High performance computing is a tough business. Customers always want more performance. Few want to pay more for this performance. Many vendors want to serve this market but precious few are pushing more than boxes. Its easy to push boxes, and the really low end vendors, likely having been burned as suppliers of low end windows machines, decided to work on clusters.
Occasionally there are some good ideas. Some really good ones. And they languish for a while until some money can help make them a reality.
Many of us have been talking about the era of personal supercomputing since 1998-ish onwards. The SGI GenomeCluster product was a great example of this. A simple interface to NCBI BLAST that ran it on a cluster through a queuing system. But it was interactive, basically a command line tool. And that was the idea. End users want to think their clusters are interactive, are things they can use when they need. That power is immediately available. Or at least seemingly so.
This idea was one that I and a few dedicated others pushed. It was a good one, and it still is a good one. Give an end user a great deal of computing power on demand. No, not the IBM marketing bit, but make it really easy to get to. Make power available without thinking about it.
Along came Orion MultiSystems. Their idea was put a cluster of lower power consuming, and unfortunately, lower power chips together and give it a simple interface, and make it available somewhat inexpensively. The basic idea, a cluster available on demand (again, not the IBM marketing bit), is a great one. It was the implementation that left some of us wanting.
Well, not just that. The pricing. A 12-way cluster would run about 10k$US. Neat, huh? Until you look at the performance of these 12-processors. Compare it to a dual dual-core Opteron. The Opteron would be a shared memory machine. You could put a sizeable IO system on it. Not the Orion. The dual core machine would run under 7k$ for a comparible memory config, a better IO system, shared memory, …
Lets not talk about the 96 processor unit for 100k$US. This was obviously not designed to be a volume play.
So Orion had some money from VC’s. They were on the board. Like other startups, they were burning through cash while trying to build a market. They didn’t have a natural market niche, and a ready made customer base. They had to build that. Which meant they had to evangelize and teach their customers. Which is even more of a risk.
But it was a bold unit, maybe not the best designed, but v2 would be much better. Their choice of launch partners wasn’t the best either. None of the partners could drive significant volumes, which is what they needed to grow revenue.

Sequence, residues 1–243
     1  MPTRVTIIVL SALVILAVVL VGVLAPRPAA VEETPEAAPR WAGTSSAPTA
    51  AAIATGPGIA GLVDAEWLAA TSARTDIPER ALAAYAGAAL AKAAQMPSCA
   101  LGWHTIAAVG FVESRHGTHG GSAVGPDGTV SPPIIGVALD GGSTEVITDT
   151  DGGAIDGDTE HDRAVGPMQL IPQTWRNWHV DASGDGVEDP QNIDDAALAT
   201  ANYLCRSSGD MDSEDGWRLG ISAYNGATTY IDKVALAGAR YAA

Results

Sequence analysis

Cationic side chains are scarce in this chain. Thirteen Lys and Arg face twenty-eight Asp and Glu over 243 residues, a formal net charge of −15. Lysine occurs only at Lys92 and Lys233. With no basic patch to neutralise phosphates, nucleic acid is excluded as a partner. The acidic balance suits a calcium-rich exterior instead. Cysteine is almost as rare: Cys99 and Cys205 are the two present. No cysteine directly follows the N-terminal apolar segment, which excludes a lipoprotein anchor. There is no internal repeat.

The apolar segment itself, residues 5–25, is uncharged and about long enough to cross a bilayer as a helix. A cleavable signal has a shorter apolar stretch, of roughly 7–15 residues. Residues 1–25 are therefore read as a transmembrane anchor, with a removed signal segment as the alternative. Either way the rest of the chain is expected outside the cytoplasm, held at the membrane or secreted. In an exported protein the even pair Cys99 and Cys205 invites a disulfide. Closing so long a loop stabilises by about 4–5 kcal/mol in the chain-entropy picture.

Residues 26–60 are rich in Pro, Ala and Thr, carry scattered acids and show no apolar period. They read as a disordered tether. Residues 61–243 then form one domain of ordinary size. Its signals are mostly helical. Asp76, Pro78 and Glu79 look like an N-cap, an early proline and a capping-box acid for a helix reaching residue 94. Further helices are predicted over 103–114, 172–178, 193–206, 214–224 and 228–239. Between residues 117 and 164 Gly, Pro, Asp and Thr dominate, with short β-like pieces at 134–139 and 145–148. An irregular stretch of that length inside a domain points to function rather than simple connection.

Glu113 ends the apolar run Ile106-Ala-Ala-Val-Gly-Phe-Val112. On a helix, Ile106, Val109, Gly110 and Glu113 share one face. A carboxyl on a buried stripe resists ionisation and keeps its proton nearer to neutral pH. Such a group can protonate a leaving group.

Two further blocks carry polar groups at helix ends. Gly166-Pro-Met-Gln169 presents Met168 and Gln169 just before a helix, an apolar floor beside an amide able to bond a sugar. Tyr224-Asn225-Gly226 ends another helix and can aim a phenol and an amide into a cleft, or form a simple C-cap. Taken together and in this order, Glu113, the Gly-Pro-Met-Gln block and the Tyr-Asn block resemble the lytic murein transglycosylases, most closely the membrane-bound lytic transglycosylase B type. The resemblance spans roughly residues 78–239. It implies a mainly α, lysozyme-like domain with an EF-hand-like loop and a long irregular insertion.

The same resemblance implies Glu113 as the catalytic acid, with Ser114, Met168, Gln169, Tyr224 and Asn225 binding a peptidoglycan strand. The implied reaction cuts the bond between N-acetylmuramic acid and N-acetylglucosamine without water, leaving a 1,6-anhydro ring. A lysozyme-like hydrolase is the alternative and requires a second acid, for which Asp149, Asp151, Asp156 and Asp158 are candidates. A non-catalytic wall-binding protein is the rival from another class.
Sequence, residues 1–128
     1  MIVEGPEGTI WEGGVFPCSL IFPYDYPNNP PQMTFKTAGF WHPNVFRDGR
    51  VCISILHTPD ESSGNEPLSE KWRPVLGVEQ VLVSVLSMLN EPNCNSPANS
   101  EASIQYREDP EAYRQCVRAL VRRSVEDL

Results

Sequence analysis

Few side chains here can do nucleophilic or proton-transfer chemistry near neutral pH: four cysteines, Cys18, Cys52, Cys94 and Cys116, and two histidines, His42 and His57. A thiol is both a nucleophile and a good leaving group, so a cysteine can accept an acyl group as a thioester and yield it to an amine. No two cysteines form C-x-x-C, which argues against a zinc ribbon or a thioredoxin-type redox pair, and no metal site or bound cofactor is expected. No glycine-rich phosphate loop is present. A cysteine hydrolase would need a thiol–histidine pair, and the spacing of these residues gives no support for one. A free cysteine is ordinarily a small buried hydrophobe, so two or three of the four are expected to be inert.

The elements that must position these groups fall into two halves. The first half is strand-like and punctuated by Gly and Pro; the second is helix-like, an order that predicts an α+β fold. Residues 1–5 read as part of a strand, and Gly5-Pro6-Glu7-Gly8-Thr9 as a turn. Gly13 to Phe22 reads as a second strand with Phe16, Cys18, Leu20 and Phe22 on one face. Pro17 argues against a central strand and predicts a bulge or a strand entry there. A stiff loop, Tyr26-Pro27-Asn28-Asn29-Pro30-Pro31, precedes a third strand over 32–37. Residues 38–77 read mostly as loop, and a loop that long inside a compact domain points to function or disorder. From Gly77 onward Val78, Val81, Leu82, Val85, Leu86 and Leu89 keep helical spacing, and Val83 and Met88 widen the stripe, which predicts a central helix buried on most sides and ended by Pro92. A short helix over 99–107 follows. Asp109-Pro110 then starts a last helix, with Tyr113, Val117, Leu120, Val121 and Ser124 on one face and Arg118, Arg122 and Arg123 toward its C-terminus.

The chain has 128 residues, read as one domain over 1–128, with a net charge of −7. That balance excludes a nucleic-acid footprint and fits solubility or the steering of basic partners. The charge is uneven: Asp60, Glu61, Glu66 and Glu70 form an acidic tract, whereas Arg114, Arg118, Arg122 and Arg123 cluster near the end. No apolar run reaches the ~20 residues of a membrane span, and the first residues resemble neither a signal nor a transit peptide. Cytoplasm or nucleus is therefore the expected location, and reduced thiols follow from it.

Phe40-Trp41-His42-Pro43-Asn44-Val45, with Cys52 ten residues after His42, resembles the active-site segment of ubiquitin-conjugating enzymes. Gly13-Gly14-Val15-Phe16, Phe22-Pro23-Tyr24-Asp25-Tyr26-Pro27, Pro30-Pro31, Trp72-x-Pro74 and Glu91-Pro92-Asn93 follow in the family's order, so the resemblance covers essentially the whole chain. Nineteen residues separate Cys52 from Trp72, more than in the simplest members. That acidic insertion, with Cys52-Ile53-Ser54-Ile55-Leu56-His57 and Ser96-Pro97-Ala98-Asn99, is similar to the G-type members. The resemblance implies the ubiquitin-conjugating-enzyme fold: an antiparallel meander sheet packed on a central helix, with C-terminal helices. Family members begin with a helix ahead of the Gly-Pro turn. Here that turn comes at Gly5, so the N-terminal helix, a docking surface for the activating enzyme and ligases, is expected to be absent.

Again, there is the coolness factor in having a cluster on or next to your desk. Others are doing a copy-cat right now. Well, sort of. Some of those copy cats are going to be really interesting BTW.
I had heard from various sources that after the first RIF at Orion, that the VC’s had said something to the effect of “not another dime”.
The best way to kill a good idea is to starve it to death. Then again, if the idea is bad, it is a waste of money to throw good money after lost money. Trasmeta’s decision to exit chip making foretold the problems that Orion was going to face. This forced an expensive complete redesign at a point where capital was badly needed to grow the market. I don’t fault the VC’s. They probably made the right decision in the end. Orion’s idea was great. Just not their implementation.
Personal supercomputing will take off. Supercomputing is a rapidly growing and very interesting market. The demand for computing cycles is far outpacing the supply. Creative products are coming onto the market to significantly increase the performance and price performance, not to mention the power consumption, and related. Orion pushed an idea that has been around for a little while, and this idea will survive Orion’s demise.
Hopefully capital won’t be harder to come by for supercomputing ventures. This market needs fresh ideas to turn lots of old markets around to newer concepts and excite customers. Fresh ideas die without the capital to birth them, and a steady, sure, experienced hand to guide them along the path to market. Both have been lacking.
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